Kris Van Laer
Nov 02, 2018 rated it it was amazing
This is my third book I've read from Ellory ( 2 in a row) and again i was not dissappointed. Ellory's writing style is great and he has a gift in creating characters you can symphatize with ( sometimes I feel some Stephen King in him, though different genre). In this book Danny is looking back in death row on his life by confessing to a priest. Convicted ( innocently) for murdering his best friend the book takes you back to the sixties in the US, a country in turmoil due to rascism, murders, rio ...more
Jul 28, 2021 rated it really liked it
This review has been hidden because it contains spoilers. To view it, click here.
Greg Hickey
Dec 29, 2019 rated it really liked it
A carefully plotted crime novel mixed with thoughtful meditations on life, death, friendship and American history. The deliberate reveal of how narrator Daniel Ford ended up on death row makes this novel compelling, and the additional story elements put it over the top. Ellory’s short sentences and paragraphs pull the reader along and help expose Ford’s psychology, though I found them less effective the few times they offered different similes for the same object. And while the plot sputters a b ...more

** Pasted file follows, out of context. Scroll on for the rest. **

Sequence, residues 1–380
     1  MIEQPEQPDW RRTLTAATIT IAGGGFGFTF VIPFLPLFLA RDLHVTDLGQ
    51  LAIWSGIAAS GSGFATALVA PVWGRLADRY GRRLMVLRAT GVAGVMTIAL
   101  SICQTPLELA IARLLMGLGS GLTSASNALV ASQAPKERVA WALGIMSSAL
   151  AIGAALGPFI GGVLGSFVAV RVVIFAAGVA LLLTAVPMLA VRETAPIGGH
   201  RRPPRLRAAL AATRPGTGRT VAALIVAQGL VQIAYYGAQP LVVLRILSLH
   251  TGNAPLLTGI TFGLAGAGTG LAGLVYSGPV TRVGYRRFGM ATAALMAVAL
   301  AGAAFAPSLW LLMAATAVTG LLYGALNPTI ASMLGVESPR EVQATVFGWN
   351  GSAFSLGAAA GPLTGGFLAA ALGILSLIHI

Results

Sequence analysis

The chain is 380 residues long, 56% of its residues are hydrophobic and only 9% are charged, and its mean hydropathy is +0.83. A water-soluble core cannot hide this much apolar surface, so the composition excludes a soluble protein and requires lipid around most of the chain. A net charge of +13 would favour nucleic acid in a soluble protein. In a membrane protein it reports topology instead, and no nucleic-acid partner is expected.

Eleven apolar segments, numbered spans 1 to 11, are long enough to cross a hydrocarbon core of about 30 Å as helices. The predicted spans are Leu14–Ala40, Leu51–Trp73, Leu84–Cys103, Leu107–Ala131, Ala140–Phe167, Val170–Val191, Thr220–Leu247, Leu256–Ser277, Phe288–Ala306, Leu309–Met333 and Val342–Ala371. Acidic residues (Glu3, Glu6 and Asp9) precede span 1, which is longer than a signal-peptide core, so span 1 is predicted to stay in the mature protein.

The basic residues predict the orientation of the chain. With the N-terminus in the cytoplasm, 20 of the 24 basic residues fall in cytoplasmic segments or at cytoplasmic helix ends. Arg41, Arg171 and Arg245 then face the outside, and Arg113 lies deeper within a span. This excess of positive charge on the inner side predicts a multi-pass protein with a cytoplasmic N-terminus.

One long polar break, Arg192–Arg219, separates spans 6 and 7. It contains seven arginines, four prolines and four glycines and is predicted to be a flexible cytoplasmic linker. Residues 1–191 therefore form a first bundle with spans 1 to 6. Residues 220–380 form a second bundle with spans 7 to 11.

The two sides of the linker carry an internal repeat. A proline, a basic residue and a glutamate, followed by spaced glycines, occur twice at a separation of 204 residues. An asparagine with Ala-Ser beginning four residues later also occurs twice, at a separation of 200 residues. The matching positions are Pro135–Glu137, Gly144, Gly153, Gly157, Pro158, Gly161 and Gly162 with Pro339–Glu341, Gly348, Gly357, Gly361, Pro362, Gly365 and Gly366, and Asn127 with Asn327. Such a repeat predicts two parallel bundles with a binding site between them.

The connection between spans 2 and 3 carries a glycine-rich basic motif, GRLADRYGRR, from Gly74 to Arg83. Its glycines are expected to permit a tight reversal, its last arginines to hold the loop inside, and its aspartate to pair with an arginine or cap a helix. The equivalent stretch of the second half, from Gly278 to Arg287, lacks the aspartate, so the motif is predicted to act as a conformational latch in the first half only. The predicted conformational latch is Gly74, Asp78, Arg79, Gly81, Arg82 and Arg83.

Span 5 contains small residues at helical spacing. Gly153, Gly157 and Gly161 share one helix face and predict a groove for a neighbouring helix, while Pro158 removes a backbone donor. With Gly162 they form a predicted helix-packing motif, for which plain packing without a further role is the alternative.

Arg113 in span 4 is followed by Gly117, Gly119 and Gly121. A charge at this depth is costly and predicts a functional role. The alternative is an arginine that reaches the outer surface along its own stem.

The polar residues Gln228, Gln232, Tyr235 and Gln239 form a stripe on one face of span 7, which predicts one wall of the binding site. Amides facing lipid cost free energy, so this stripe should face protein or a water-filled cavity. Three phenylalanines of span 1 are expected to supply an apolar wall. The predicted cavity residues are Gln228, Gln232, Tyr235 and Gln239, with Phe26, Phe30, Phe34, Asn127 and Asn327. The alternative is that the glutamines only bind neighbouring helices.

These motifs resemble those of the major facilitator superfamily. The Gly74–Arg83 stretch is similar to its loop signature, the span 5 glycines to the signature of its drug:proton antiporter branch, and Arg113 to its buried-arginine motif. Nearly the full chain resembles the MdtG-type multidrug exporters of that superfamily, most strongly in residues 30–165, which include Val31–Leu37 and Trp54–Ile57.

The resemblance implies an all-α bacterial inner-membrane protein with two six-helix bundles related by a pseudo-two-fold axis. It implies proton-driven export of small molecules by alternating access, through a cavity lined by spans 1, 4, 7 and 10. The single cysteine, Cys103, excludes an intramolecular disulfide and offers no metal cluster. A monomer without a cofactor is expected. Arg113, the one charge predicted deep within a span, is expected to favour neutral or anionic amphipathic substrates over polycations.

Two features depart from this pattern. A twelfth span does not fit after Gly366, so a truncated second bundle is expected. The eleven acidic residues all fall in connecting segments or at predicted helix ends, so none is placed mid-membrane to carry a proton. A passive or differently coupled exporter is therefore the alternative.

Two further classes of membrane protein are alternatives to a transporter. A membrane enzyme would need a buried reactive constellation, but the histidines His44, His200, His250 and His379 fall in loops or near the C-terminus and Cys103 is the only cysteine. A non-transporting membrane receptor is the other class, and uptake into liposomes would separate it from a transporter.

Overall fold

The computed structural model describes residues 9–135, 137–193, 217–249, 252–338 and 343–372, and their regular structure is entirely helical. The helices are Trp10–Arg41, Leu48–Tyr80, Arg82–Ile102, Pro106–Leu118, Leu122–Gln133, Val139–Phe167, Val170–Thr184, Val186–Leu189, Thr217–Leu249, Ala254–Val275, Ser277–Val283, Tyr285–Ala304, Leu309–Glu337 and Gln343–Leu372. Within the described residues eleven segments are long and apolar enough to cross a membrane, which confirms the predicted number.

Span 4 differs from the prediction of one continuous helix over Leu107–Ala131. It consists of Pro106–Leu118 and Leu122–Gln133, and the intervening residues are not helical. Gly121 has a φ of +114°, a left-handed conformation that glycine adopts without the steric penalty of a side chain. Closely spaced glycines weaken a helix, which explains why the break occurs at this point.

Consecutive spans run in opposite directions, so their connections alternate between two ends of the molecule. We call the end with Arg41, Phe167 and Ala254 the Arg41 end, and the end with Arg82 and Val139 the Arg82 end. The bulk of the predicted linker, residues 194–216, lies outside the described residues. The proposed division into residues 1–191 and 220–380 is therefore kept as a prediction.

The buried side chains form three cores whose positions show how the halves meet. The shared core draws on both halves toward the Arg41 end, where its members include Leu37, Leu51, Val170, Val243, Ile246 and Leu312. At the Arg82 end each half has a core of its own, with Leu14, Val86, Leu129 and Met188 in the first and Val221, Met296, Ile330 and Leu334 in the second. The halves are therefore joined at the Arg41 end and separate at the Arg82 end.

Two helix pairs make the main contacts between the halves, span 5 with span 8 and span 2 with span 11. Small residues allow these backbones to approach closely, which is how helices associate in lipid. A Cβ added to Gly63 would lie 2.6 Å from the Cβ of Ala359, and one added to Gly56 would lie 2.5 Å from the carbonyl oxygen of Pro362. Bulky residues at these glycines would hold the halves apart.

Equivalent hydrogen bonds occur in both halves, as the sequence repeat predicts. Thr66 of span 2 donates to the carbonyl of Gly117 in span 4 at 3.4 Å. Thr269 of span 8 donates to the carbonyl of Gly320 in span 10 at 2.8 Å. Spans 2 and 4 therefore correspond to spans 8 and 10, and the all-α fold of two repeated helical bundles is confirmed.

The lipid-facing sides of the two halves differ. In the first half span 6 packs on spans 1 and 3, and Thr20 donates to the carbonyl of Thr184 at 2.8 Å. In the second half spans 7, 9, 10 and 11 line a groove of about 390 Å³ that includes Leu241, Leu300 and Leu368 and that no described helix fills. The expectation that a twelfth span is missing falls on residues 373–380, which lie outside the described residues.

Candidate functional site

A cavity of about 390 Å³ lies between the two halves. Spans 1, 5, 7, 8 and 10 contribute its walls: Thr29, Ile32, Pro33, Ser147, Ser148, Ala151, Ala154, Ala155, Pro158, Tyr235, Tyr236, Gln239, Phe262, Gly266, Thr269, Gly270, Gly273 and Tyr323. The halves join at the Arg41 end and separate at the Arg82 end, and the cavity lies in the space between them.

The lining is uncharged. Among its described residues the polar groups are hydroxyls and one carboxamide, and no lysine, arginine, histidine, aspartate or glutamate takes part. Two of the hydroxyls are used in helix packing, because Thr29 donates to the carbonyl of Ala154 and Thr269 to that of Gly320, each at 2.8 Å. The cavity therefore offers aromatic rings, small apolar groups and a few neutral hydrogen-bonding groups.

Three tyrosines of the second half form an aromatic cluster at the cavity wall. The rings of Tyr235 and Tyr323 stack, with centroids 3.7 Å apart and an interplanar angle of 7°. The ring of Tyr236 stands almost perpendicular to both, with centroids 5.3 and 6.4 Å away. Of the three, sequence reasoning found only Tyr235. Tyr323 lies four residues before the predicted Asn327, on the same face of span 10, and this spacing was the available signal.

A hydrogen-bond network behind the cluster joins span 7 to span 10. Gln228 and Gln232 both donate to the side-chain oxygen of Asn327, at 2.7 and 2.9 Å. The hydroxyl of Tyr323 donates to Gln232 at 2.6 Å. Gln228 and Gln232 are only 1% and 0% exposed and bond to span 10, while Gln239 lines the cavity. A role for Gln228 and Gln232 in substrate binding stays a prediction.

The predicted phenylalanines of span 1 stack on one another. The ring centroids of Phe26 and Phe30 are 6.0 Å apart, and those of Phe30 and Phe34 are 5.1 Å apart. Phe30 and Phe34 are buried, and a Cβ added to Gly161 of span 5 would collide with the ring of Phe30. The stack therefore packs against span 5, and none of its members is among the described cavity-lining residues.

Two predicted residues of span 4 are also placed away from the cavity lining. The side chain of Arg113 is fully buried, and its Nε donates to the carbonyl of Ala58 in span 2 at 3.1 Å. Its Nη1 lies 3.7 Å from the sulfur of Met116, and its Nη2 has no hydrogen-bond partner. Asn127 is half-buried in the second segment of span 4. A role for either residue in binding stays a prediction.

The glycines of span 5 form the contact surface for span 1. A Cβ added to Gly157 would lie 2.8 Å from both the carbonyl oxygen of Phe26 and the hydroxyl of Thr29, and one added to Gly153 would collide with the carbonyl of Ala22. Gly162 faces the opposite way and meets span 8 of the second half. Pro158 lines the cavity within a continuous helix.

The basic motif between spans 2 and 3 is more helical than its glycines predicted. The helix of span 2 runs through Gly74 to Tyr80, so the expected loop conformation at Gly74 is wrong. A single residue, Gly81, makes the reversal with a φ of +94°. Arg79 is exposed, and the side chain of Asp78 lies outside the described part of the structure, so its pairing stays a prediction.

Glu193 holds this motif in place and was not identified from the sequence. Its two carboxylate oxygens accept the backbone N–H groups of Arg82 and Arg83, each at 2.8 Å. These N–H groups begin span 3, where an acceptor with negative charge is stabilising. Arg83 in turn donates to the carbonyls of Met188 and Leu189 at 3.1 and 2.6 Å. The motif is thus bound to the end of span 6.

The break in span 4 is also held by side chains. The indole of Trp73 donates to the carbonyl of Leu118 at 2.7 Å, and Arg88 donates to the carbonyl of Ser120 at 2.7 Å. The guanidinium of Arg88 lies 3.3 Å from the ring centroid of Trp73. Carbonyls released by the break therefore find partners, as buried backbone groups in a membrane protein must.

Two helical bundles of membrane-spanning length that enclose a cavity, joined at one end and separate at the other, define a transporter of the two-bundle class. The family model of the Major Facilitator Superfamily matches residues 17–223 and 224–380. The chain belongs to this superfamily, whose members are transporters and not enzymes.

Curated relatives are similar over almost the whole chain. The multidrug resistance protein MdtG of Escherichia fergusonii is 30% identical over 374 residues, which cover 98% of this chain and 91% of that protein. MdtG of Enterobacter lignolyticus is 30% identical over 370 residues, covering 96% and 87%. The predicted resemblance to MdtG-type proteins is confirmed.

Gavin Richards
Dec 28, 2018 rated it it was amazing
The first time for a long time that I became immersed in a book that was "unputadownable" thank you Mr Ellory.
From the first page to the last I was enthralled. I read "Angels" a couple of years ago and enjoyed that immensely too but not quite to the same degree.
I'll be looking for Mr Ellory's other titles and I'm excited that he has produced so many but perhaps I read the best one first which would be disappointing.